A team from the universities of Edinburgh, Leeds and University College London said that the speed at which ice melts in the world’s polar regions and mountains has increased significantly over the past 30 years.
Using satellite data, experts found that the Earth lost 28 trillion tons of ice between 1994 and 2017.
They said the rate of loss had fallen from 0.8 trillion tons per year in the 1990s to 1.3 trillion tons per year by 2017, with potentially dire consequences for people living in coastal areas.
“Ice caps are now following the worst global warming scenarios outlined by the Intergovernmental Panel on Climate Change (IPCC),” said Thomas Slater, a researcher at the Center for Polar Observation and Modeling at the University of Leeds.
“Sea level rise at this scale will have very serious impacts on coastal communities during this century.”
The contribution of the United Nations’ Intergovernmental Panel on Climate Change has been central to developing international strategies on climate change, including the 2015 Paris Agreement by which most countries that emit greenhouse gases have agreed to take measures to mitigate the effects of global warming.
A university paper, published in the European Union’s Earth Sciences journal, The Cryosphere, was the first of its kind to use satellite data.
He studied 215,000 mountain glaciers around the world, polar ice caps in Greenland and Antarctica, floating shelves of ice around Antarctica, drifting sea ice in the Arctic and the Southern Ocean.
Losses in the Arctic and Antarctica
The study found that the biggest losses over the past three decades have come from Arctic sea ice and Antarctic ice shelves, both of which are floating in the polar oceans.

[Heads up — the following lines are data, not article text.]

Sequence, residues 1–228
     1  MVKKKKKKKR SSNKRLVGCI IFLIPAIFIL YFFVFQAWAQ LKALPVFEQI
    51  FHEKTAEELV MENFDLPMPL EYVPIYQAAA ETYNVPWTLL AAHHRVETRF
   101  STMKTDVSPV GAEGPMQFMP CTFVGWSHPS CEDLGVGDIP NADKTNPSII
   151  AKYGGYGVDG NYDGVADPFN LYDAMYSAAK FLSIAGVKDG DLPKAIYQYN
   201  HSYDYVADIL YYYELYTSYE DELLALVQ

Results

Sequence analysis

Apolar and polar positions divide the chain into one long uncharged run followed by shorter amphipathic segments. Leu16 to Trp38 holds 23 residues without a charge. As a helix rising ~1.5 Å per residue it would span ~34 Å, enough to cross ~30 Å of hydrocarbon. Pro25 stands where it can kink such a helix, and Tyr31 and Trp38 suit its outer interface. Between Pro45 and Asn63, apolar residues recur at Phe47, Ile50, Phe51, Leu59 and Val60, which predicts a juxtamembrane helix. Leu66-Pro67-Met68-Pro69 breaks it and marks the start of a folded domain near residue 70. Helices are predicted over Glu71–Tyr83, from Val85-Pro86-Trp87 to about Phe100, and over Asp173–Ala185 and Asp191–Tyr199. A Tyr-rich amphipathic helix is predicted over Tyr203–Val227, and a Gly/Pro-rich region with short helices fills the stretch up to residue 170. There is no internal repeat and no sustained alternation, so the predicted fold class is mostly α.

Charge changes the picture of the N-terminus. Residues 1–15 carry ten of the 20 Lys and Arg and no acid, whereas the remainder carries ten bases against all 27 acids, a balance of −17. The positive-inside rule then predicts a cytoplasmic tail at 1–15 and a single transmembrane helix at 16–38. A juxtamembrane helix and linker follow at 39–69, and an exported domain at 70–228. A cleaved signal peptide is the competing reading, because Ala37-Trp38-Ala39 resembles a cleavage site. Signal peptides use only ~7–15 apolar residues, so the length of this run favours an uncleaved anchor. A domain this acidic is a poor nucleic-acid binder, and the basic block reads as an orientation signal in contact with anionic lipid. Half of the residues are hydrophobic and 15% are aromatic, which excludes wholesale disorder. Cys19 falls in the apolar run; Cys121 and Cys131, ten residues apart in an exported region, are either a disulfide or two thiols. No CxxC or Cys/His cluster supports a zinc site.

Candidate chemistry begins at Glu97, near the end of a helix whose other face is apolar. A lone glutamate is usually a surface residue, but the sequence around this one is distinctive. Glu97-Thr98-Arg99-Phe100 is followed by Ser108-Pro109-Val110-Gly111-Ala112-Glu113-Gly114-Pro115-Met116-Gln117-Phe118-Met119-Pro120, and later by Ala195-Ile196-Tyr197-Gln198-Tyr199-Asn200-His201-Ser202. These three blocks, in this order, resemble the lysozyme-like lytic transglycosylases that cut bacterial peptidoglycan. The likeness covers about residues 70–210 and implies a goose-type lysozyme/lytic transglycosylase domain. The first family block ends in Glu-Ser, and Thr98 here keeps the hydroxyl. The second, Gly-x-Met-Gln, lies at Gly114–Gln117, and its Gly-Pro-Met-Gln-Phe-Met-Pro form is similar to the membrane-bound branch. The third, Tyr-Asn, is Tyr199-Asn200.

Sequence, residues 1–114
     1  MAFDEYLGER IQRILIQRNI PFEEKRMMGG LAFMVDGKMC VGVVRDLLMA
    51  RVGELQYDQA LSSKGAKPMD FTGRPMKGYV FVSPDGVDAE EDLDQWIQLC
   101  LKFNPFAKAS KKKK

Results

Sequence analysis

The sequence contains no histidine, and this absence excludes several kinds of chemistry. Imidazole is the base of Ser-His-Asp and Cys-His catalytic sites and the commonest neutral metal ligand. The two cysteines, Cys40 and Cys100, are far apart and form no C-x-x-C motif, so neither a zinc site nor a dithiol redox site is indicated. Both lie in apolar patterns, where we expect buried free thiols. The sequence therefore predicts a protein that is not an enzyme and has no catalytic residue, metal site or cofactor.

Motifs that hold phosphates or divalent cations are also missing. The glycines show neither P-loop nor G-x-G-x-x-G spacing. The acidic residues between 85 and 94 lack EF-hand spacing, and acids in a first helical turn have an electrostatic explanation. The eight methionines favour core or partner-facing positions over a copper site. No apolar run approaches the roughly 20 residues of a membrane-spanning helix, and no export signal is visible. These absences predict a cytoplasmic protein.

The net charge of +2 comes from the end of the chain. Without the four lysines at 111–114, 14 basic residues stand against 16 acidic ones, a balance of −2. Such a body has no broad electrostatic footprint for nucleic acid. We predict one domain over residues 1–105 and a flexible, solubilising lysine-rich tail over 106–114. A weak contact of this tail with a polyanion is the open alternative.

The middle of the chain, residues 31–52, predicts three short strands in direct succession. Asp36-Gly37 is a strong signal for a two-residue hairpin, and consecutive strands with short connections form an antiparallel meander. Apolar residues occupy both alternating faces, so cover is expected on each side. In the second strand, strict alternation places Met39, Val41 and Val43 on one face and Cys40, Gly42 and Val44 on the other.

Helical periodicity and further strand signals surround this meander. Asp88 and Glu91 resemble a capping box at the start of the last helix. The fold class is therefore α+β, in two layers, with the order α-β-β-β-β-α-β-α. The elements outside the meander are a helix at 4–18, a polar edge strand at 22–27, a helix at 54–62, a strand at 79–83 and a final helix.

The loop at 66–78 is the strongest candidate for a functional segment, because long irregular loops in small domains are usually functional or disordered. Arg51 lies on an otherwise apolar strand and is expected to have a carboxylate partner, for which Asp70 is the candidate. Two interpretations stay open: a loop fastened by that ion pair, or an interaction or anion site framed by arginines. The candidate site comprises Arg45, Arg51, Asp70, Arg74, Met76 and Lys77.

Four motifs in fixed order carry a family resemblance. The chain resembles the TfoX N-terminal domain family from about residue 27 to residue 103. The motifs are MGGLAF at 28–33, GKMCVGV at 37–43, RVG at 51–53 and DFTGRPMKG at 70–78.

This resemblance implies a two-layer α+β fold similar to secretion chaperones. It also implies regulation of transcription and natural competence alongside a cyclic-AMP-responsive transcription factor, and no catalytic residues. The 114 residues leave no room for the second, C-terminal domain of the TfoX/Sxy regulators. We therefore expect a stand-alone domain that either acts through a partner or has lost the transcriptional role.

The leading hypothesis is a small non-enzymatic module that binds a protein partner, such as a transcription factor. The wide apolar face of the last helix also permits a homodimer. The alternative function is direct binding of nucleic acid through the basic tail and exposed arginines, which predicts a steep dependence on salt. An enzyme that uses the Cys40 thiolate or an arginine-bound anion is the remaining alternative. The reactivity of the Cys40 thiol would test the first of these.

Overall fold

While ice loss does not directly contribute to sea level rise, its destruction prevents ice caps from reflecting solar radiation and thus contributes indirectly to sea level rise.
“As sea ice shrinks, the oceans and atmosphere absorb more solar energy, causing the Arctic to warm faster than anywhere else on the planet,” said Isobel Lawrence.And Researcher at the University of Leeds
“Not only does this accelerate the melting of sea ice, but it also exacerbates melting of glaciers and ice caps, which leads to rising sea levels,” she added.
A previous study published in the US-based Proceedings of the National Academy of Sciences estimated that global sea levels could rise 2 meters (6.5 feet) by the end of this century due to global warming and greenhouse gas emissions.
The report also says that in the worst-case scenario, global temperatures would rise by more than five degrees Fahrenheit (nine degrees Fahrenheit), causing waters to rise, displacing millions of people who live in coastal areas.
Another study, published by the US Central Climate Foundation in 2019, said that up to 300 million people could be affected by devastating floods by 2050, nearly three times what it was previously. The number could rise to 630 million by 2100.
The study warned that major coastal cities like Mumbai in India, Shanghai in China, and Bangkok in Thailand could be submerged over the next 30 years.
According to the research, about 237 million people are threatened by sea level rise in Asia alone.